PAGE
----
Probably no vintage dessert speaks to a bygone era more than the pineapple upside cake. Growing up in South Texas, the sweet, moist dessert was popular at Sunday dinner, school cakewalks, church potlucks, and funeral meals. Although the cake has been around for hundreds of years, it wasn’t until the early 1900s that its popular form came to be. That was when James Dole, founder of the Hawaiian Pineapple Company, now known as Dole, created the perfect way to can the sweet fruit.
Prior to Dole’s innovation, much cooking in the region was done in cast iron skillets over an open flame. When they wanted something sweet, fresh fruits would be cooked with sugar, and a batter poured on top. Once done, as today, the dish was flipped over, presenting the pretty, caramelized bottom of the dessert.
Today, the cake is usually prepared using canned pineapple rings, dotted with maraschino cherries. In addition to making an artful presentation, the fruit rings allow the cake to be sliced neatly in even portions. I decided to prepare the cake in a semi-version of the original, using fresh pineapple. The result was delicious.
A brilliant thing about this cake is that it can be made with a quality yellow cake mix and still taste as good. If using a mix and canned fruit, use the fruit’s juice in place of water (using additional water if the can’s juice doesn’t equal the mix directions). This adds a kick to the flavor and heightens moisture. For a more tropical feel, I often add a cup of chopped roasted macadamia nuts to the topping before baking.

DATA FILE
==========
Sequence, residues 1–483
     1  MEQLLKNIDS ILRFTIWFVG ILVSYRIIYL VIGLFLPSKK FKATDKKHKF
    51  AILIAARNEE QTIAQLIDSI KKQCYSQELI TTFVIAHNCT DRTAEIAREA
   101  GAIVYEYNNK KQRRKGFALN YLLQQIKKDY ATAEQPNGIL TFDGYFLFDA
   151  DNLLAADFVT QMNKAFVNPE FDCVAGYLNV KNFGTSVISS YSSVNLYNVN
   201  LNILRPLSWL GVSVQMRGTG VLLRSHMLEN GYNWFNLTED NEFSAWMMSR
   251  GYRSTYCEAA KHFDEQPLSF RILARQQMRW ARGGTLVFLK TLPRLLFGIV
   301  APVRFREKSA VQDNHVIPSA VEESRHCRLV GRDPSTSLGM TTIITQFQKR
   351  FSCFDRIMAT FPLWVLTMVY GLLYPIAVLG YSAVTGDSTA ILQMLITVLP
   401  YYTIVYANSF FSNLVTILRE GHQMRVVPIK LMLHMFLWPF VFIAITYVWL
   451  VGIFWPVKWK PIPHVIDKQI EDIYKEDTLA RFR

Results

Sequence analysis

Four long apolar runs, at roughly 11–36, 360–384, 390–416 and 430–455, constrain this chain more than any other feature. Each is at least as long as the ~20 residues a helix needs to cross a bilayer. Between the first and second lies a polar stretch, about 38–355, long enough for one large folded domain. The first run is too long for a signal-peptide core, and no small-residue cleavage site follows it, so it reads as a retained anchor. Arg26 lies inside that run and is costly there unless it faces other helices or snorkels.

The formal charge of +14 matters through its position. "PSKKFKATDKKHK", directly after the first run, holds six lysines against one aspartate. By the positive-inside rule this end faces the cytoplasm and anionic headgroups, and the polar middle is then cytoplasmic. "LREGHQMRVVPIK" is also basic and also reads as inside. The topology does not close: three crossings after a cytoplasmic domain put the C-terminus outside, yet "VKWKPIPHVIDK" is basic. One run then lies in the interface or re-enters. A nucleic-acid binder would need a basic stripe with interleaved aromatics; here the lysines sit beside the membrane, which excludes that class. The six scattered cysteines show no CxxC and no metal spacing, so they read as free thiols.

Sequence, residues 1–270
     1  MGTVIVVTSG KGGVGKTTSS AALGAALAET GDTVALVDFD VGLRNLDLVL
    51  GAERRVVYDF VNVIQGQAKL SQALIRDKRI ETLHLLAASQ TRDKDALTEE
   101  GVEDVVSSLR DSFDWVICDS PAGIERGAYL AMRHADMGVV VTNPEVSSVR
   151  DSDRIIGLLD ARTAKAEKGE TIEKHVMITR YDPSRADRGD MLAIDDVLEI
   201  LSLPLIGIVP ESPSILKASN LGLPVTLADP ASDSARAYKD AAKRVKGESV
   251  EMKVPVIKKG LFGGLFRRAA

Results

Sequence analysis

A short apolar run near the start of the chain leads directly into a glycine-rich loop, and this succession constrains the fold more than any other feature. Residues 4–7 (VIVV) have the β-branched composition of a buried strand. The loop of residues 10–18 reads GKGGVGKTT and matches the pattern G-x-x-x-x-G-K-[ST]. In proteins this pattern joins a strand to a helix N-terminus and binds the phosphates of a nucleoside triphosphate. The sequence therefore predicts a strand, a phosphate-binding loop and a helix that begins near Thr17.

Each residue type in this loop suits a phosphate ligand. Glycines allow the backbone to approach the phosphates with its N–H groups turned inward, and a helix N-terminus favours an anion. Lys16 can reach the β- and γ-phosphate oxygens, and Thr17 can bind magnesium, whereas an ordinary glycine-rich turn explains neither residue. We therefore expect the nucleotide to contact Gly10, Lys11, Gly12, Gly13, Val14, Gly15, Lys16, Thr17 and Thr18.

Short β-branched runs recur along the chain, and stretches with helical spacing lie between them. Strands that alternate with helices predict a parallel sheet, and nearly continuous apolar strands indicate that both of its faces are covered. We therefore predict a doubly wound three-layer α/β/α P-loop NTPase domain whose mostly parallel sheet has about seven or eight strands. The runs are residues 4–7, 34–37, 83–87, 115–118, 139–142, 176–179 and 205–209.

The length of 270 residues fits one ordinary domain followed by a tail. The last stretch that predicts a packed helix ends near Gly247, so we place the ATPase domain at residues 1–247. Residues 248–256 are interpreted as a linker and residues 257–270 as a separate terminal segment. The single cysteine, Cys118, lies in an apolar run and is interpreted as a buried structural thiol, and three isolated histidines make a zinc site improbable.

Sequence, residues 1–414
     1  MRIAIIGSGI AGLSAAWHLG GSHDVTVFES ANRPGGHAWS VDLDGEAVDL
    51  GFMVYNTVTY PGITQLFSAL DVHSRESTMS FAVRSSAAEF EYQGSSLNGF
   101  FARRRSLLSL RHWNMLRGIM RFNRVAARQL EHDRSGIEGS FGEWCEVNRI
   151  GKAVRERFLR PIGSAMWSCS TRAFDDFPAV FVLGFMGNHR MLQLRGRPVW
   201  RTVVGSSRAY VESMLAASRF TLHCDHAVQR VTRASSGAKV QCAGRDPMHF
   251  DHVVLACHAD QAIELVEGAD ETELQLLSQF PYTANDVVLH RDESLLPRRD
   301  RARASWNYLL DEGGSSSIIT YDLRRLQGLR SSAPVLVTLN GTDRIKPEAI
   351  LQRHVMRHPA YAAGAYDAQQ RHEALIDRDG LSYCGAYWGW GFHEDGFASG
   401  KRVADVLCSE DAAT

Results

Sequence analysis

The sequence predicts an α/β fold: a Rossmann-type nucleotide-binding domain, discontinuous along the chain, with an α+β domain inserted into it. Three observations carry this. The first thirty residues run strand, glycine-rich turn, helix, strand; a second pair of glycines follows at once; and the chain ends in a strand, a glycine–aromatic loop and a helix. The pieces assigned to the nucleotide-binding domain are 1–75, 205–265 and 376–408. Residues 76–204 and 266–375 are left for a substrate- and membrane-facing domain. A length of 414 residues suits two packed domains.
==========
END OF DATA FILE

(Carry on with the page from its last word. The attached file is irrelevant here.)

3 cups all-purpose flour
2 cups sugar
1 Tbsp. baking powder
1 ½ cups milk
1/2 cup butter, softened
½ Tsp. vanilla
1/3 cup butter
2/3 cup light brown sugar
Pineapple from one medium-sized fresh, ripe pineapple, peeled, cored, and chopped
Maraschino cherries, chopped
Preheat oven at 375˚. Coat a 9 x 13-inch baking pan with cooking spray and set aside.
In a large mixing bowl, combine flour, sugar, and baking powder. Add milk, butter, and vanilla. Beat on low speed until combined. Increase the mixer speed and beat on high for 2 minutes. Add eggs and beat 2 minutes more. To keep cake light, don’t over process. Set batter aside.
In a small saucepan, melt butter and brown sugar over medium heat, stirring often. Heat until the mixture is bubbly, and sugar dissolved. Pour butter/sugar mixture into the baking pan. While still hot, layer pineapple evenly over the mixture and add cherries (Don’t worry if caramel mixture appears to be hardening). Refrigerate any leftover pineapple to enjoy later.
Pour cake batter evenly over pineapple mixture and bake for 30 to 35 minutes or until a toothpick inserted near the center comes out clean. Because oven temperatures can vary, keep an eye on the cake once it reaches the 30-minute mark, adjusting baking time.
Cool on a wire rack for five minutes. Loosen sides with a table knife and invert onto a platter. Allow to cool before slicing.